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 (vĭ-sā′lē-əs, -zā′-), Andreas 1514-1564.
Flemish anatomist and surgeon who is considered the founder of modern anatomy. His major work, On the Structure of the Human Body (1543), contains numerous illustrations based on meticulous dissection of cadavers that he performed while in Padua.


(Biography) Andreas (anˈdreːas). 1514–64, Flemish anatomist, whose De Humani Corporis fabrica (1543) formed the basis of modern anatomical research and medicine


(vɪˈseɪ li əs, -ˈseɪl yəs)

Andreas, 1514–64, Flemish anatomist.
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Noun1.Vesalius - a Flemish surgeon who is considered the father of modern anatomy (1514-1564)Vesalius - a Flemish surgeon who is considered the father of modern anatomy (1514-1564)
References in classic literature ?
I can't help people's ignorance and spite, any more than Vesalius could.
said Rosamond, with a look of disgust on her pretty face, "I am very glad you are not Vesalius.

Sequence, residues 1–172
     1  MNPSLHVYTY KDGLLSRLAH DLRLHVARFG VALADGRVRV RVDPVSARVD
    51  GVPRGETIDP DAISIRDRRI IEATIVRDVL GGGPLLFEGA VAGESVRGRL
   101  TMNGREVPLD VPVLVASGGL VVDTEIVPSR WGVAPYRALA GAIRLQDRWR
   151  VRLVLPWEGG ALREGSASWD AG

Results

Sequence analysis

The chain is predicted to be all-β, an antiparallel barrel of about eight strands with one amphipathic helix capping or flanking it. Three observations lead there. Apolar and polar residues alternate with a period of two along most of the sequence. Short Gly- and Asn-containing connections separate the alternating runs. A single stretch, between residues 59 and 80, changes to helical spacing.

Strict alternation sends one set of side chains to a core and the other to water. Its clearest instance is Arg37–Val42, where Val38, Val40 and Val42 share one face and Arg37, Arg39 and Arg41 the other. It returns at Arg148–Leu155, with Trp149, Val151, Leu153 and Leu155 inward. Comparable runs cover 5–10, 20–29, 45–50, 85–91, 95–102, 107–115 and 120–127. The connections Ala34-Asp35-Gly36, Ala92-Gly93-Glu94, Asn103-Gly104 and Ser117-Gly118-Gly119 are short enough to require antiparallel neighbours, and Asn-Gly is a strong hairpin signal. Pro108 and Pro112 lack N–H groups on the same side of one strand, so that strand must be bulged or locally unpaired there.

No wonder the medical fogies in Middlemarch are jealous, when some of the greatest doctors living were fierce upon Vesalius because they had believed in Galen, and he showed that Galen was wrong.
He added: "I would appeal to anyone who saw this man running off along South Vesalius Street, or any members of the public who recognise his description, to come forward.
1485-1576) and the much younger Flemish surgeon-anatomist Vesalius (1514-64), who was teaching at the nearby University of Padua.
The winner is owned by the Vesalius Syndicate, which consists of many of the established Ballydoyle owners plus Paul Redmond, a senior cancer surgeon in Cork, and Mark Redmond, a senior heart specialist in Crumlin Children's hospital in Dublin.
The 1552 edition of 'De Humani Corporis Fabrica' by Belgian anatomist Andreas Vesalius was stolen from Oxford University along with 70 other items, according to UPI.
One is reminded of the Roman Catholic Church's persecution of such great scientists as the physicist and astronomer Galileo and the pioneer medical researcher and anatomist Vesalius.
By way of conclusion, Carlino discusses the kinds of developments that were necessary for Vesalius.
When he revised this book in 1552, he incorporated anatomical information borrowed from Vesalius and contrary to the Galenist opinions of the first edition.
The renowned anatomists Andreas Vesalius and Gabriel Falloppio of Padua, Italy, had observed fluid-filled structures in the female "testes," but did not know their significance.
It is in his Initia doctrinae physicae, published in 1549 and subsequently appearing in many editions, that Melanchthon is especially concerned to develop a natural philosophy based not only on Aristotle, but also on Plato, Galen, Copernicus, and Vesalius.